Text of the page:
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Jeff Starck

Starck Contrasts

Jeff Starck

Jeff is a senior editor and was Coin World's 2003 Margo Russell intern and joined the staff in 2004. Jeff has been a collector since childhood and fondly remembers the challenges of completing Whitman folders by pulling coins from circulation and searching rolls from the bank. His current collecting interest focuses on Missouri-related numismatics and exonumia. He is the primary writer for the World Coins section in the monthly Special Edition and is responsible for Coin World's coverage of world coins and weekly International page. He graduated with a bachelor of arts degree from Webster University in St. Louis where he was editor-in-chief of its weekly student newspaper.

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Archive for 'June 2014'

    Connecting Hollywood to numismatics through coal scrip

    June 30, 2014 11:17 AM by

    One of the fascinating things about this hobby is that you can find connections everywhere.

    This is especially true when considering exonumia, that area outside traditional government-issued coins or paper money.

    I was reminded of this recently while reading Sky of Stone by Homer Hickam. If the name sounds familiar, it is probably because of the Jake Gyllenhaal movie October Sky, and his book upon which the movie was based, Rocket Boys.

    Hickam, the son of a stern, taciturn coal mine superintendent in Coalwood, W.Va., was in high school when Russia’s Sputnik streaked across the October sky in 1957, and he was inspired to build rockets. Hickam wrote three books about time spent in – and trying to get out of – McDowell County, at the bottom of the state, deep in the “billion dollar coalfield.”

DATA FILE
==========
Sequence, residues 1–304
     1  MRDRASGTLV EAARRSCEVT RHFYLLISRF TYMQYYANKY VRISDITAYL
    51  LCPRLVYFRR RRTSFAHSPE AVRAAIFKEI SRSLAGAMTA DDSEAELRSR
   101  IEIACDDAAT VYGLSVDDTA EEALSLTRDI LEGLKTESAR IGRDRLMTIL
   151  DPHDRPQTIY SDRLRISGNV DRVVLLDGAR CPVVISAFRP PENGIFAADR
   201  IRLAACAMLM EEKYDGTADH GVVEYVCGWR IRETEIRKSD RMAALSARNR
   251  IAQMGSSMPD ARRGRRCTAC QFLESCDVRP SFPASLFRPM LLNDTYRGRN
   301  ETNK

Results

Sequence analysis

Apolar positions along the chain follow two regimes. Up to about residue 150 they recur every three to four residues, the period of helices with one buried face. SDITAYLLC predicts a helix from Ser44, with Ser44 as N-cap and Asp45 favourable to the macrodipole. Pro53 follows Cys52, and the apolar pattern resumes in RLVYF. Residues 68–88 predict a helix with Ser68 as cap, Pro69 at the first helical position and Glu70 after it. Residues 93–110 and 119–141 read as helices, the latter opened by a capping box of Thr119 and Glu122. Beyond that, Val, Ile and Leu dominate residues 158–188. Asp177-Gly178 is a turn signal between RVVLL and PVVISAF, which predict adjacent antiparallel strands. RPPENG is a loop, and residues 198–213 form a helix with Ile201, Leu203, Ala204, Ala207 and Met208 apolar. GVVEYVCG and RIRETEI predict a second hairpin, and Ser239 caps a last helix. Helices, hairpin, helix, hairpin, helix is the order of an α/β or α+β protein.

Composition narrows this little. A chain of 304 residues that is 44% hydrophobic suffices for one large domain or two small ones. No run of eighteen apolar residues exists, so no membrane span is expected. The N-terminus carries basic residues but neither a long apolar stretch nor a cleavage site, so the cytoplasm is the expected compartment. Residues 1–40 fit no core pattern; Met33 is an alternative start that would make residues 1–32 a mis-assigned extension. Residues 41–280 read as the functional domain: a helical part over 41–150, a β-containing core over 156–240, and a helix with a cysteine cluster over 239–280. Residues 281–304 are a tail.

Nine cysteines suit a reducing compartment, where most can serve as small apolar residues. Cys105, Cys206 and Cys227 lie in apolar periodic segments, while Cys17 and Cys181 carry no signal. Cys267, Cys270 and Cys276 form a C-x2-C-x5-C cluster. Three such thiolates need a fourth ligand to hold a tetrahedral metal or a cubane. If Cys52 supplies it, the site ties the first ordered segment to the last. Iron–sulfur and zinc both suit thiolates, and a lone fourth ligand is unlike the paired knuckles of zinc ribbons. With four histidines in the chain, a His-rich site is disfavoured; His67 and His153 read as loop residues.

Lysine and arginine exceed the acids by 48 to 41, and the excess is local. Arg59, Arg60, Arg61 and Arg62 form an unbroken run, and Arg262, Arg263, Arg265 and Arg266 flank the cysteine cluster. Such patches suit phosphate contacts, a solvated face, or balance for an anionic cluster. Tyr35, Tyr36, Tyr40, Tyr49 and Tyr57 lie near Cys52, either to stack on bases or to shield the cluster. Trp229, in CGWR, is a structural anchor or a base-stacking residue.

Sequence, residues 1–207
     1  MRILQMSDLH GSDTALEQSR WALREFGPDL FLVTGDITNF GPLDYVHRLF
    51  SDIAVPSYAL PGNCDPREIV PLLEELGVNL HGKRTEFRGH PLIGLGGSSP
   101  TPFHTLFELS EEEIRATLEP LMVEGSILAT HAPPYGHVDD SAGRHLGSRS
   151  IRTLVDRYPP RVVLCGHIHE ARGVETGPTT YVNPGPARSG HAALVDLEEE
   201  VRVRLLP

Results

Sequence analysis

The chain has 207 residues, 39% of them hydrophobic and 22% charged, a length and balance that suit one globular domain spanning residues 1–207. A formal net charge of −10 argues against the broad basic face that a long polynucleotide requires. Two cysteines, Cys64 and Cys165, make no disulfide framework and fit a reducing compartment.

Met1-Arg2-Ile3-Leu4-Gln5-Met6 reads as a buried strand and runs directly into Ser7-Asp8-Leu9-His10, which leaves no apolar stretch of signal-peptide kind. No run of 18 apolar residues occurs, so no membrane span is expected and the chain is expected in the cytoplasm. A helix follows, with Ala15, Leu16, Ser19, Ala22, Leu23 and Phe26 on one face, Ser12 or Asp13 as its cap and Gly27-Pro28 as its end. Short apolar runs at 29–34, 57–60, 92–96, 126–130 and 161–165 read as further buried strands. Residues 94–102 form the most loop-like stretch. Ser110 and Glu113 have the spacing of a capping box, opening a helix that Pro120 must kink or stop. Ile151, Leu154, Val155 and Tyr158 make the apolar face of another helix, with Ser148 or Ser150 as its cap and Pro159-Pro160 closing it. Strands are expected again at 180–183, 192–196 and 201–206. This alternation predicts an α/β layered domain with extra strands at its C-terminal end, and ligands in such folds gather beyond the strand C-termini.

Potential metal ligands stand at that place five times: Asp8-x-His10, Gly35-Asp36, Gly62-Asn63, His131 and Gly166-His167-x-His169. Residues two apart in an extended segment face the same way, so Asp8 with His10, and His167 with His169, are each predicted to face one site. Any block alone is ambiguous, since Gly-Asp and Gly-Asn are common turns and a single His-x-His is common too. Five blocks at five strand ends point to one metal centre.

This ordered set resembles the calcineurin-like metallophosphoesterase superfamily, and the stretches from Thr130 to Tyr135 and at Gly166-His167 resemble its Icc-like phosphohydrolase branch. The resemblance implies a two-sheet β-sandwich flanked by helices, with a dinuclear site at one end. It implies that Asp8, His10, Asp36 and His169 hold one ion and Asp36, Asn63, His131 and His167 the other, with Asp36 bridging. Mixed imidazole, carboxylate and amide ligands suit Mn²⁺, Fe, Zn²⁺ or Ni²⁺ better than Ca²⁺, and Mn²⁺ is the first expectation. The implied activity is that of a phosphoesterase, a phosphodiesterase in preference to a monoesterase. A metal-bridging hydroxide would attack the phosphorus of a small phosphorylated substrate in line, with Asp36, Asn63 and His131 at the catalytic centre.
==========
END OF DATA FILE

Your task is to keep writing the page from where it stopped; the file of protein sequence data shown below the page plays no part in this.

Hickam and three friends wound up winning a gold and silver medal at the National Science Fair for their rocketry, and college scholarships followed. But Hickam was forced to spend one college summer working in the last place he wanted to be, below that “sky of stone.”

    There on page 87, the younger Hickam (known at the time as “Sonny”) writes about entering the company store and requesting $20 in scrip against his wages at the mine.

    Like most coal mining operations in the United States, the company store at Olga Coal Co. used tokens. Today these tokens and thousands like it are remnants of the once-widespread substitute economy.

    Coal tokens and company stores have drawn their criticism in popular culture, notably in Tennessee Ernie Ford’s song Sixteen Tons. But Doug Tolley, a member of the National Scrip Collectors Association, disagrees with that characterization.

    “Coal mine scrip was not nearly as onerous as credit cards,” said Tolley. “There was no debt to it – it’s simply an advance on wages already earned. It’s no different than people today who can’t handle credit cards.”
    Tolley, 85, worked in the mines for 46 years before retiring 22 years ago. Now he sells scrip in online auctions.

    Tolley knew the elder Hickam, also named Homer.

    “Homer was just as [darn] tough as they say he was,” said Tolley.

    Since the movie was released in 1999, “everyone wants a piece of Olga scrip,” Tolley said.